Day Trips to Faro

Many holidaymakers fly into Faro airport and make their way to their onward destination without much thought for what the capital of the Algarve might offer.

However, we think you should give it a second look as this typically-Portuguese marina city has an enticing old town, excellent shops and cafe culture as well as a strong nightlife scene.

Indulge in history

To the east of Faro marina is the oldest part of Faro, called Cidade Velha.

It boasts well-preserved medieval buildings that house museums, and cobbled streets lead to the impressively-decorated Largo de Se Faro Cathedral. Inside you’ll find intricate gilded carving, decorated tiles called azulejos, and old pieces of art. You can also scale the tower to get far-reaching views over the whole of Faro.

An intriguing place to visit, at the rear of the Igreja do Carmo church you’ll find a chapel made of human bones called Capela dos Ossos – or the bone chapel.

Built by Carmelite monks in the early 19th century, over 1000 bones of earlier monks were exhumed from the overcrowded cemetery and used on every surface. The focal point is a complete skeleton covered in gold that hangs at the front of the chapel.

By the water

The marina is the focal point of Faro and you’ll find some shops and good cafes and restaurants here that take advantage of the views of the yachts and across the water to the Ria Formosa Natural Park.

Although Faro has its own great beach, beyond the marina at Porta Nova pier you can catch a ferry to the Ilha – or island – beaches. The pleasant 30-minute journey passes through the Ria Formosa waterways and will take you to one of three island beaches, with varying degrees of seclusion.

Shopping, dining and nights out

The heart of Faro’s shopping district is Rua de Santo Antonio, which runs back from the marina through the city.

Here, you’ll find chic boutiques and shops that flow onto the surrounding streets. Everything is within easy walking distance, and among the shops selling fashion, perfume and cosmetics, wine and home furnishings, there are many open air cafes to stop off and refuel at.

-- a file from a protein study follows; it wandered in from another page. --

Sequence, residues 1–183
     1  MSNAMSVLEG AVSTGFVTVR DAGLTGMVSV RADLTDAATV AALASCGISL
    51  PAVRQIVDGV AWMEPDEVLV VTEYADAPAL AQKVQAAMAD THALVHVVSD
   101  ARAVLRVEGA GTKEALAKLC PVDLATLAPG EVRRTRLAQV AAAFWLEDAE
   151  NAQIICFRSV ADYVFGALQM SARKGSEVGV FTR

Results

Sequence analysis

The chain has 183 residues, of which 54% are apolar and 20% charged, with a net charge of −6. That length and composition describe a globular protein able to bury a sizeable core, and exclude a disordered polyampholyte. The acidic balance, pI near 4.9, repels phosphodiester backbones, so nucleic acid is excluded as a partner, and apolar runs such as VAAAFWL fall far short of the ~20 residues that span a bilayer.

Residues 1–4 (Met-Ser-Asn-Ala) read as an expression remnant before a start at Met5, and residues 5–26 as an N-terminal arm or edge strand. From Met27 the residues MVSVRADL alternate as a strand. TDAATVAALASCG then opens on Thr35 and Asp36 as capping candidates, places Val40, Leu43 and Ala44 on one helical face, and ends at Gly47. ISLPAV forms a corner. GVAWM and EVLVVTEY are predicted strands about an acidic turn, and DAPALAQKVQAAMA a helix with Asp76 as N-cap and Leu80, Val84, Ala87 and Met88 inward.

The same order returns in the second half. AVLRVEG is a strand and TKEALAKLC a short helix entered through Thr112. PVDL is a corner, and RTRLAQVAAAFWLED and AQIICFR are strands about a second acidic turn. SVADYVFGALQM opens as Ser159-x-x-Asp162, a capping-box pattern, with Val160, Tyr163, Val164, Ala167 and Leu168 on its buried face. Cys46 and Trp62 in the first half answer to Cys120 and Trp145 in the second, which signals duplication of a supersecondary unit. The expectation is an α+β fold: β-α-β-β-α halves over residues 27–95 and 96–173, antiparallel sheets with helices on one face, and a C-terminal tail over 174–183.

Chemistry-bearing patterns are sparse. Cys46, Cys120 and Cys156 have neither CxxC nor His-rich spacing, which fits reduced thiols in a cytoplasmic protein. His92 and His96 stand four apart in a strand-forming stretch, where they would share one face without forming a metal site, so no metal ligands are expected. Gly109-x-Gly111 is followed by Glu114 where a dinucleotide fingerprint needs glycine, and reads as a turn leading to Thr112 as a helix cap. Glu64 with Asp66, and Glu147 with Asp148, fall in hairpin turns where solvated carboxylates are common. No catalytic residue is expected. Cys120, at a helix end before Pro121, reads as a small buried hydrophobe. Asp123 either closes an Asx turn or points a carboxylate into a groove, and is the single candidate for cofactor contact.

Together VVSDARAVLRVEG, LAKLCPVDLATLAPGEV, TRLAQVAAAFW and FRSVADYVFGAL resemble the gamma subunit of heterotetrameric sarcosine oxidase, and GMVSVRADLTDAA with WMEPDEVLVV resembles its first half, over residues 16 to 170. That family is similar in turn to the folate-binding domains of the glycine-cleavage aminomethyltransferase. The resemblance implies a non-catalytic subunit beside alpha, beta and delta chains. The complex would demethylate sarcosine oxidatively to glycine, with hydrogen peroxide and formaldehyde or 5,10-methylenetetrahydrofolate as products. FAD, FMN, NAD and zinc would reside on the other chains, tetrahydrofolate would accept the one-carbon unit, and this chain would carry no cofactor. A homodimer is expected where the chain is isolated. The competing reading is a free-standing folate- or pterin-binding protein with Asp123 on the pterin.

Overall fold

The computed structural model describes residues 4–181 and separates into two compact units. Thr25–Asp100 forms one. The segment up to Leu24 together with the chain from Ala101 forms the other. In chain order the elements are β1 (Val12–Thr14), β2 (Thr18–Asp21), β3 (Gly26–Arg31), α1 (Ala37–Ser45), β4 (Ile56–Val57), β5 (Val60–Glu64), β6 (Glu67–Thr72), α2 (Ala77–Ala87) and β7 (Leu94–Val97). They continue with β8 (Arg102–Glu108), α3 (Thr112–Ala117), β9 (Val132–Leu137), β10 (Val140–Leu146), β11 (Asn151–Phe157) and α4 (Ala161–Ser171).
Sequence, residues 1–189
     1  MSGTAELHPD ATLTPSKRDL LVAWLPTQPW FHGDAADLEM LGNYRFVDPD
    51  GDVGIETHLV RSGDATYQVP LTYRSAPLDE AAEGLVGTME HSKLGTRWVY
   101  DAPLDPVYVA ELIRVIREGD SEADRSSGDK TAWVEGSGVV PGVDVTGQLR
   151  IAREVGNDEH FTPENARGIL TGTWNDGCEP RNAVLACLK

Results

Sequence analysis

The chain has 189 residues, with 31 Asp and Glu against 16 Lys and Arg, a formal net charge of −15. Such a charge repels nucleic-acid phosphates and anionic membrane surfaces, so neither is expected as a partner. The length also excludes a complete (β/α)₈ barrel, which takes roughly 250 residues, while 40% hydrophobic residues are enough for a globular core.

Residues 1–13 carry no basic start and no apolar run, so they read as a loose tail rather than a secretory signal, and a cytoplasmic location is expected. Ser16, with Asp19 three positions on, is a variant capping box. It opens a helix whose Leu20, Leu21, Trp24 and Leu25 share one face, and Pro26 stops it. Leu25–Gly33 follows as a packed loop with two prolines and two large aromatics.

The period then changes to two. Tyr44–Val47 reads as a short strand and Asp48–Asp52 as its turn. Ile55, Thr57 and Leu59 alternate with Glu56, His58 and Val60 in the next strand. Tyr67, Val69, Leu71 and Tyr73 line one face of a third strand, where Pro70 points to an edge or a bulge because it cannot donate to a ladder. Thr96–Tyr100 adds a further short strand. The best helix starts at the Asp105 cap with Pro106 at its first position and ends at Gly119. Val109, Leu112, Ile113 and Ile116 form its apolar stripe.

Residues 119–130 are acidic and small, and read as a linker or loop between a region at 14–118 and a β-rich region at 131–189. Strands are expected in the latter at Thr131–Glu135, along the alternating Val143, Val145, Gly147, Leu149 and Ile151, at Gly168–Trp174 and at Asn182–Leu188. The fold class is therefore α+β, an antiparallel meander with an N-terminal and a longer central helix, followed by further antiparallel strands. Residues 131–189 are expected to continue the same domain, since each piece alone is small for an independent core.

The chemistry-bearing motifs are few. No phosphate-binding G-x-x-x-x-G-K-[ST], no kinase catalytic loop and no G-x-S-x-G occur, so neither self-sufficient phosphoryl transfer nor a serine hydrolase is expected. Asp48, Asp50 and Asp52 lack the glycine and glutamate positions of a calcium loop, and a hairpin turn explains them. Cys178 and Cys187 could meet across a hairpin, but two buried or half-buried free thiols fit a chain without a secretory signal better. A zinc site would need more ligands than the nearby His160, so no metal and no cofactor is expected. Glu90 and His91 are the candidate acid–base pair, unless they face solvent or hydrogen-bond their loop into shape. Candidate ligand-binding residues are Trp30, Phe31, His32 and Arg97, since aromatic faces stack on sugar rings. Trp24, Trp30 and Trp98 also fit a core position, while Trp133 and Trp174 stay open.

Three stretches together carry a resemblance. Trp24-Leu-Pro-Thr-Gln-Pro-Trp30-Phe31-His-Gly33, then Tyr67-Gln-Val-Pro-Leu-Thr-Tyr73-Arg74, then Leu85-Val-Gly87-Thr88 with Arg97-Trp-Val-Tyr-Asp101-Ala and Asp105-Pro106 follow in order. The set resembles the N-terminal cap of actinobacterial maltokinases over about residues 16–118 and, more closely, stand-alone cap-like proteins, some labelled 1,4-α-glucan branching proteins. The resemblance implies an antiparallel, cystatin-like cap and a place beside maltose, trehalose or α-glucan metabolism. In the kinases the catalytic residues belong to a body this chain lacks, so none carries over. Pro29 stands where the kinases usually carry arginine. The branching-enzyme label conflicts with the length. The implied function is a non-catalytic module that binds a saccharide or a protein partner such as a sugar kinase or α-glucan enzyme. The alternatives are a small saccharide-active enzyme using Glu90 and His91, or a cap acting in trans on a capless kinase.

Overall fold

After some shopping, you could grab lunch in one of Faro’s varied restaurants or park yourself on a bench in Manuel Bivar Gardens. Situated between the marina and the Arco da Vila arch it has pleasant terraces, palm trees and walkways to relax among.

And if a full day exploring hasn’t worn you out too much, make a night of it at one of the many bars concentrated around Rua do Prior. As Faro has a high student population, nights out here are young and fun, although as a city, there’s lots of choice for quiet drinks too.

Getting there is easy

If you’re staying in one of the nearby resorts of Tavira, Albufeira or Vilamoura, you don’t even have to make a whole day of it as travelling to Faro will take less than an hour by public transport.

You could lounge on the beach by morning then head into Faro for lunch and a mooch. The bus or train will cost less than €8 but if you’re planning on staying on for drinks, check bus timetables as, for example, the last bus back to Tavira is around 10pm.

Culture and nature

On your way in from Tavira, east of Faro, you might be tempted to stop at the beautiful Ria Formosa Natural Park, a 60-kilometre network of lagoons and islands. Its vicinity to Faro means you can have a day of nature and culture combined.

Or, in contrast, if you’re heading in from the west, the Forum Algarve shopping mall is on the way. It has two floors of shops including classic European fashion stores like Lacoste and Bershka, plus a cinema. This side of Faro also houses many of its largest nightclubs.

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